Get More Pins With These Far Side Cradles
One of the most effective ways to pin someone in wrestling is with a cradle. There are two main types of cradles, the first is a near side cradle and the second is a far side cradle. They both involve using your arms to encircle the arm and the leg, the only difference is which side you do it on.
A far side cradle is extremely effective. In fact, you see it at the highest levels of wrestling including the NCAA finals. Some people think that only wrestlers that have long arms can hit cradles, but that is not the case at all. Here are some different far side cradles you can hit that will help earn you more pins.
Far Side Cradle
The first far side cradle is the most basic way you can hit a far side cradle. It is vitally important that you learn this cradle before you branch off and learn other variations of far side cradles. In this video, Chael Sonnen shows the basics of a far side cradle: how to lock it up and how to turn your opponent and get the pin.
Even though this is a basic move, there still are some important technical points that Sonnen goes over. The first is your opponent’s head and their far knee must get close together so you can lock up the cradle. There are generally two different ways this can happen. The first way is if they step their foot up and bring their knee close to their own head on their own. This typically happens when they are trying to stand up from the bottom position. The second way is for you to forcibly bring them together. This is often done by using a crossface to drive the upper body towards the far leg. It is not a nice move, but it is highly effective.
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After the cradle is locked up, Sonnen brings his partner to his back and moves his bottom leg out of the way. Once he has his partner is on his back, he slides his hips back and puts the knee in the ribs and looks for the pin. This basic far side cradle is a great wrestling move that all wrestlers should know.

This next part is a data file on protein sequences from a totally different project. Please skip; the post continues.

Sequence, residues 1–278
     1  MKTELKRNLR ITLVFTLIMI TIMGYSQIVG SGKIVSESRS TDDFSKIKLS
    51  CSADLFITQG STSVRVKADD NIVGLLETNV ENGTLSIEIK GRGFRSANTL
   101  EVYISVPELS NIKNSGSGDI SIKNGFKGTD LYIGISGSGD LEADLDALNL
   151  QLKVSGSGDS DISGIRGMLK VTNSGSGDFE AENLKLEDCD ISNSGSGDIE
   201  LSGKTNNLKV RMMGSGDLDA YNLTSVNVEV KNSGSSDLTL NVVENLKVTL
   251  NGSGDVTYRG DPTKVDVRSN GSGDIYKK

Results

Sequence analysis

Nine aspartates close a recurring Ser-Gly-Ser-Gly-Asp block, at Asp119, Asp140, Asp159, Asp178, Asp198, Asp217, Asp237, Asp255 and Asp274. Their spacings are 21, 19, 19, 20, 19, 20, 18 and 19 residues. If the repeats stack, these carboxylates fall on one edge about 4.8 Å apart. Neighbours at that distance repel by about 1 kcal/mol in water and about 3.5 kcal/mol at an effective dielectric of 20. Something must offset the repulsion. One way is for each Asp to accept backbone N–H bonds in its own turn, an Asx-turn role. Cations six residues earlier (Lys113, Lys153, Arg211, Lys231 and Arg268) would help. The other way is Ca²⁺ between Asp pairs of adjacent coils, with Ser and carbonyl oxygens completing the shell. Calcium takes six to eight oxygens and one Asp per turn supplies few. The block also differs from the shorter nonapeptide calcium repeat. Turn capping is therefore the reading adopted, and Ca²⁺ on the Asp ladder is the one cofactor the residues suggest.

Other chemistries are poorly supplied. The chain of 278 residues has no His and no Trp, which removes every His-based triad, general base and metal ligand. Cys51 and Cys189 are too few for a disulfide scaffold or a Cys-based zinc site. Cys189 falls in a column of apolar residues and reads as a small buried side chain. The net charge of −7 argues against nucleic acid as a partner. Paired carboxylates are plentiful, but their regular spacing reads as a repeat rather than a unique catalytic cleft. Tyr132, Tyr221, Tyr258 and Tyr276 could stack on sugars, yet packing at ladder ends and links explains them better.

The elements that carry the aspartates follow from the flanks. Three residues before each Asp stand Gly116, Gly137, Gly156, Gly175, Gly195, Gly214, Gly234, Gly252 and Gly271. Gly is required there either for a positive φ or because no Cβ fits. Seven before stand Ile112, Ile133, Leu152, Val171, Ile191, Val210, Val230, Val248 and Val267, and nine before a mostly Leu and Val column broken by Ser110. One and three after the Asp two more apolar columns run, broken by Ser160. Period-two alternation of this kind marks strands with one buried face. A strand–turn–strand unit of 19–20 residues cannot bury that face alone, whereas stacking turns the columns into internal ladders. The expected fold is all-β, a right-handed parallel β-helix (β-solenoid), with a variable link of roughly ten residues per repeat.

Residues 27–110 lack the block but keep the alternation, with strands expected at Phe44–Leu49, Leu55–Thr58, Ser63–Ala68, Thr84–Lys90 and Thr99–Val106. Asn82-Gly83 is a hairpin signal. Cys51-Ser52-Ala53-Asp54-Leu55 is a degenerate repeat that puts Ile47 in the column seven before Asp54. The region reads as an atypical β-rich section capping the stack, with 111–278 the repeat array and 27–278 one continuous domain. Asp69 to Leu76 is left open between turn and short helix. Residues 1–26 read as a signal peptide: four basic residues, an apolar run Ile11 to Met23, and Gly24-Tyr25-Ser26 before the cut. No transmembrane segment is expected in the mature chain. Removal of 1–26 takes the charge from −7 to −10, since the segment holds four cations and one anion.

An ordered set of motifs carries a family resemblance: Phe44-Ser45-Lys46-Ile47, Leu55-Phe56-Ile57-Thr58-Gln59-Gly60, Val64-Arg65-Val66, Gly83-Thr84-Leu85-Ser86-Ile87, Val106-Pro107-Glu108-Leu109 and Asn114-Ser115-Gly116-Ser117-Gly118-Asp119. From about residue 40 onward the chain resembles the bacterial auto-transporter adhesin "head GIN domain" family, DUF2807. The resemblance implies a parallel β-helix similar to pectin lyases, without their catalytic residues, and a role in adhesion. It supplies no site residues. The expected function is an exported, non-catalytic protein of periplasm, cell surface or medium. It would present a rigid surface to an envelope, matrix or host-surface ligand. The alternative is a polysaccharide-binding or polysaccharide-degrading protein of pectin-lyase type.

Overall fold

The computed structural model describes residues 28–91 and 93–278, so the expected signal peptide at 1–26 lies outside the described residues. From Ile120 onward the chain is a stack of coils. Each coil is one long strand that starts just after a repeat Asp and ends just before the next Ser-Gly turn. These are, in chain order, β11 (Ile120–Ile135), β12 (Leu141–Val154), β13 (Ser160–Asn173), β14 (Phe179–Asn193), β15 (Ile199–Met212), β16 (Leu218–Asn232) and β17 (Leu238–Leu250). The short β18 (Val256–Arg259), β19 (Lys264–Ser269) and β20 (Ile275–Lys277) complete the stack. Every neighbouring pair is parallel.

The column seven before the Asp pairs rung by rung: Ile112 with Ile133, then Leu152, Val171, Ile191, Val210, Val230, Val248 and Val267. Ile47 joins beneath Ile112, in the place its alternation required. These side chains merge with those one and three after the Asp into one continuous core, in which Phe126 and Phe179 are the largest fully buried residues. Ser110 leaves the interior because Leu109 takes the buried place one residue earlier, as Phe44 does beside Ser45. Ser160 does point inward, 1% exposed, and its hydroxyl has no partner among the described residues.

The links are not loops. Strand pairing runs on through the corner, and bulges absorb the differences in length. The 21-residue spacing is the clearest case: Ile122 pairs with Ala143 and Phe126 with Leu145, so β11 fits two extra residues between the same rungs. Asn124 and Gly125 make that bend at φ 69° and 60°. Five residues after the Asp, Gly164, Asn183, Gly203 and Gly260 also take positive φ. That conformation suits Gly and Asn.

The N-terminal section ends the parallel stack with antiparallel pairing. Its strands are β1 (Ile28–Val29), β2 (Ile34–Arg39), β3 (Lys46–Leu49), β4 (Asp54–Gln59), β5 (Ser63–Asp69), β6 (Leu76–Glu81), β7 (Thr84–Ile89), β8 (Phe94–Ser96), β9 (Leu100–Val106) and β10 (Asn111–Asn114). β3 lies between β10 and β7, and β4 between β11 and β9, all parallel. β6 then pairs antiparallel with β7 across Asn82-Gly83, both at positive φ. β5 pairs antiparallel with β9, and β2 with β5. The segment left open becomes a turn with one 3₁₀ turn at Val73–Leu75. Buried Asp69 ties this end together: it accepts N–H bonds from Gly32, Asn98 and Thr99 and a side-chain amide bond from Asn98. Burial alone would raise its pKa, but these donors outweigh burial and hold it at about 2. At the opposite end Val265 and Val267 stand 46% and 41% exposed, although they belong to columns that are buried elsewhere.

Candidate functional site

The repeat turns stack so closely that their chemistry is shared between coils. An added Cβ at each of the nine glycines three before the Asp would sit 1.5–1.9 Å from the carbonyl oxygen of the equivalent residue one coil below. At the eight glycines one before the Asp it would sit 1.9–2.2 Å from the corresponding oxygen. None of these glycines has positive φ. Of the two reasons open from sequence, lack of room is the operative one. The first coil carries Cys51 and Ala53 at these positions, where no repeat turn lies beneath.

Far-Side Cradle From Referee’s Position
The next cradle is from referee’s position. In this video, Hudson Taylor shows how he likes to set this cradle up and finish it.
To set this cradle up, the first thing you will need to get in a claw ride position, but instead of grabbing the neck like you would for a normal claw ride, you will lock in the armpit on the opposite side instead. The next thing you need to do is get your opponent to lift their far knee off the mat. Watch how Taylor pushes his partner’s heel to the mat and drives into him to get the knee to pop up. This is a very important step because if their knee does not come off the mat, you can’t lock up the cradle.
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Once you have gotten your opponent to lift their knee off the mat the hard work is done, all you have to do now is lock up the cradle. There are many different ways you can finish a cradle from this position, but Taylor likes to straighten his leg and roll straight back to keep his back from being exposed and therefore keeps him out of danger.
This last cradle is much more advanced. It is called a drop cradle and Ed Ruth, who was a three time NCAA champion from Penn State, used this cradle very effectively during his college career.
This cradle starts out in referee’s position and the guy on top reaches across to secure the bottom guy’s triceps. Look at how Ruth’s body is positioned compared to his partner, he is making his partner carry most of his weight. He is also allowing this opponent to step up with the far leg which is an important part of hitting this cradle.
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When the bottom guy steps up with the far leg, you are going to go to that side and slide, or as Ruth says “drip”off the side and shoot the arm through to lock up the cradle. Be sure to stay tight on the triceps the entire time and because of this, you will lock onto your own wrist. Then you will tuck your head and roll forward to bring your opponent to their back.
Ruth also shows an even more advanced version of this cradle that you can hit if you opponent is standing.
Cradles are a great way to get pins. One way to get better at them is to do a cradle drill in practice. One guy on top and one guy down. The bottom guy moves around and hits sit outs and the guy on top looks for the head and leg to come close so he can lock up a cradle. The more you do drills like this, the more you will start to see that opportunities to hit cradles happen all the time in a match.
If you would like to learn more ways to hit cradles, be sure to check out Ruth’s cradle video series titled “The Cradle Machine by Ed Ruth”. In this video, he goes over the cradles he used during his college career that helped him become one of the greatest college wrestlers of all time.